Richard Wilson on Merlin, the X Factor and The Killing

The One Foot In The Grave actor lets loose with his TV loves and hates

Comments
Richard Wilson on Merlin, the X Factor and The Killing
Written By
Which TV programme would you take to a desert island?

The Danish version of The Killing is just superb. I started watching after everyone else so had all these episodes to catch up on. Some nights I couldn’t sleep because I watched two or three in a row and I was thinking about it so much. I’ve never seen anything to match that on British television.

So do you think that British television is in a bad way?

It’s in a bad state insofar as there are so many stupid, desperate reality shows and vacuous programmes like Red or Black?, which is just a silly party game.

Not a fan of Simon Cowell?

I used to watch The X Factor but since the auditions became public, it just seems cruel. In its heyday, it was exciting. I went to the filming once – that raw emotion was interesting from an acting point of view – but now it’s so cynical. You can see the wheels turning.

So you’re more of a Downton Abbey fan, then?

I do like it, though I thought they tried to cram too much into the first episode of the new series. I always like stories that involve toffs versus the working class. I also watch a lot of news and documentaries.

Who would play you in the film of your life and why?

If Jesse Eisenberg [The Social Network] would consider playing the young Richard Wilson, I’d be very proud. I think he would get the young me – gawky and lacking in self-confidence.

Even throughout the Swinging Sixties in London?

I don’t think I realised how swinging they were. It was an exciting time as I was at drama school, starting out as an actor, and being offered all these cultural goodies, but the rest passed me by. To be honest, I find it hard to divide into decades.

As a vocal Labour supporter, you must be able to distinguish between the 1970s and 1980s..? 

Thatcherism was ghastly and it was a great release when Labour won the election in 1997. I remember thinking that Labour would lead us to some promised land but it didn’t quite work out that way...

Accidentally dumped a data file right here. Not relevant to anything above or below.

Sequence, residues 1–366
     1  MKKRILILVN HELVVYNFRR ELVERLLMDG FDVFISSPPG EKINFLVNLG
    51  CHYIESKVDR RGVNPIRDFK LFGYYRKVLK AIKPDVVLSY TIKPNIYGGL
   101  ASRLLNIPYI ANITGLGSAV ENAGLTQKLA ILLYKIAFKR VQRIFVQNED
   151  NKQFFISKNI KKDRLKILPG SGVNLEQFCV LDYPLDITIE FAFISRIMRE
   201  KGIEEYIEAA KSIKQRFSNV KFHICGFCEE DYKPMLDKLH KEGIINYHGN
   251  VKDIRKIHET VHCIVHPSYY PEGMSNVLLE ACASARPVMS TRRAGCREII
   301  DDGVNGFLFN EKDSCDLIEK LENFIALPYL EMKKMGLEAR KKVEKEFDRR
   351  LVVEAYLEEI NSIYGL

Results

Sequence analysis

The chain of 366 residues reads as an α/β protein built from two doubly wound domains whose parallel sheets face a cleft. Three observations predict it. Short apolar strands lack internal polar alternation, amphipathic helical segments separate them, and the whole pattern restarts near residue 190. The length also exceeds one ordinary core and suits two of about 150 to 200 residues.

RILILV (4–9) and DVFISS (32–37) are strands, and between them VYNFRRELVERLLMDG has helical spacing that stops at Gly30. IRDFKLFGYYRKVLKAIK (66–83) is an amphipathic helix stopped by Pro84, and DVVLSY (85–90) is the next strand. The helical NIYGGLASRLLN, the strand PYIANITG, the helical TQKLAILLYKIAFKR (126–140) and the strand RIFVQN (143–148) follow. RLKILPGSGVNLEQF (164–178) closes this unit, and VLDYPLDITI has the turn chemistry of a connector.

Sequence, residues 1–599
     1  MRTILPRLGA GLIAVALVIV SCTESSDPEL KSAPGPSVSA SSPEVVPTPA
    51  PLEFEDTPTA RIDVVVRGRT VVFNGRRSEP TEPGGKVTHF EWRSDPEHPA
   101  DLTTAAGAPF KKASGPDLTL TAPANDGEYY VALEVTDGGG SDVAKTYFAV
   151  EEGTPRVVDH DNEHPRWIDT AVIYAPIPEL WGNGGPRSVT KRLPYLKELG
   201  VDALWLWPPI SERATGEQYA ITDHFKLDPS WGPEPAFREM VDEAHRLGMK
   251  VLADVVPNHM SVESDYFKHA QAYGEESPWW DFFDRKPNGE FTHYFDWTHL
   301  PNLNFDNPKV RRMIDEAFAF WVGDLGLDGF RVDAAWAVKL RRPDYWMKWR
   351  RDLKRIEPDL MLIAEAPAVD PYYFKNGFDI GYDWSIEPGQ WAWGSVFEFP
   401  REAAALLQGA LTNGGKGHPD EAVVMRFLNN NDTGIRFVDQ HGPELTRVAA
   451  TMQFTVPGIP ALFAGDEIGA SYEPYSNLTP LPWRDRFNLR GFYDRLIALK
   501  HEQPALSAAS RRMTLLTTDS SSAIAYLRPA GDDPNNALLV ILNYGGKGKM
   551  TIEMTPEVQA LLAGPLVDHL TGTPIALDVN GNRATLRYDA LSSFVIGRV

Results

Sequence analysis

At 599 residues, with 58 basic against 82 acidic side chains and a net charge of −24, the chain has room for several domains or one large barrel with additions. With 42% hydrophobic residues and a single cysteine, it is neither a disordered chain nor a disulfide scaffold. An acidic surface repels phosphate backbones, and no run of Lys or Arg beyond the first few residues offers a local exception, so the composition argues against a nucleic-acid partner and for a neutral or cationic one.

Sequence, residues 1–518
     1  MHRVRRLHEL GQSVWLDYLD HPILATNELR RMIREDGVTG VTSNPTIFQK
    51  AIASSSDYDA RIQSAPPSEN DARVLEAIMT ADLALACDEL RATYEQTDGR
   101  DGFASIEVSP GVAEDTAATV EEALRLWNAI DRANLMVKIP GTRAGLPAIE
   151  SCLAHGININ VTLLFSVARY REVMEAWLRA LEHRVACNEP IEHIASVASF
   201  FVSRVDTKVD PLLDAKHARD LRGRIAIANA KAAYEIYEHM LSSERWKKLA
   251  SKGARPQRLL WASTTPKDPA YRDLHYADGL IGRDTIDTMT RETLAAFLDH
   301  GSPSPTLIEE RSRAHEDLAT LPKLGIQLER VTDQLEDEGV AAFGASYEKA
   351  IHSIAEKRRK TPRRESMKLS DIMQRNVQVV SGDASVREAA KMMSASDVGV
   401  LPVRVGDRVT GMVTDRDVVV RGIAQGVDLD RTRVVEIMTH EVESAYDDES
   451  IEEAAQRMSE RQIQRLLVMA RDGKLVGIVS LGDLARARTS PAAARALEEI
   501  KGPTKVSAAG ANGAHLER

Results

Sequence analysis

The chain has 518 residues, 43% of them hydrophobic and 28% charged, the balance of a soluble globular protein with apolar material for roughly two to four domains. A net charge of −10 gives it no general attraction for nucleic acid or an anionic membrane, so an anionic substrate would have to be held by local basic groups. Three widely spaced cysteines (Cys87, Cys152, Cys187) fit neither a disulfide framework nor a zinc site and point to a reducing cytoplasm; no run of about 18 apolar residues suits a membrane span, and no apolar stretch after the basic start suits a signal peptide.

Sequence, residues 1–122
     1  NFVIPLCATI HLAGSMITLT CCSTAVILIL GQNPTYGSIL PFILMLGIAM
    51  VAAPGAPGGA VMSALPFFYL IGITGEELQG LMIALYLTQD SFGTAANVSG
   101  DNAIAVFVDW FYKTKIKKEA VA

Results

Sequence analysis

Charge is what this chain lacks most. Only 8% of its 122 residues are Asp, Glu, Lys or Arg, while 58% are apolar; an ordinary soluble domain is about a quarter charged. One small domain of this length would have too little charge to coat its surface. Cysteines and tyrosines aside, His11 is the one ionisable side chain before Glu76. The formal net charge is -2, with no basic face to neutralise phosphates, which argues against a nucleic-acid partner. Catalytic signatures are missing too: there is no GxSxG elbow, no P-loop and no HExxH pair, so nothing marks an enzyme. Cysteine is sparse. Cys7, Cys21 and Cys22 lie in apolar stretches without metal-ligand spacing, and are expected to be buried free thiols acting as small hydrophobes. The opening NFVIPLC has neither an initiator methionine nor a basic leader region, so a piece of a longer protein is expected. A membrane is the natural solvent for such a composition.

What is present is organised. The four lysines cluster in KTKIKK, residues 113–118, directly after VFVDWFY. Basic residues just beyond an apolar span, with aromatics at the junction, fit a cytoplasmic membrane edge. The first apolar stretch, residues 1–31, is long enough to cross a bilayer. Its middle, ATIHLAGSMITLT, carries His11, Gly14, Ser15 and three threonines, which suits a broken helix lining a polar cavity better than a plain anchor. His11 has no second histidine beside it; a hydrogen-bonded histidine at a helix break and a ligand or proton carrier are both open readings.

Is that a source of regret?

A lot of good was achieved, but the Blair/Brown antagonism, which wasn’t there at the beginning, didn’t help matters. It’s interesting that [Blair strategist] Philip Gould is encouraging Ed and David Miliband not to repeat the errors of history. That would be terrible. I voted for Ed and he’s getting better as the days go by.

Who would be your ideal dinner party guests?

Barack Obama is doing a tough job as well as can be expected against huge opposition so I think he’d be fascinating. And if Nelson Mandela manages to hang on, he’d be great fun too.

After presenting Dispatches: Train Journeys from Hell, do you have any more plans for other ventures into current affairs?

I’m actually doing another Dispatches, on the ways our lives are becoming increasing automated. From self-service supermarket check-outs to automated telephone banking, personal service is in danger of disappearing altogether.

It sounds like you don’t think much of technology...

Oh, I love technology. I’ve got an iPhone, an iPad and have just treated myself to a new desktop, with a 27in screen. Stephen Fry got me into all things Mac and now I’m all Mac’ed up.

Richard Wilson returns in Merlin at 7.50pm on Saturday BBC1

Add new comment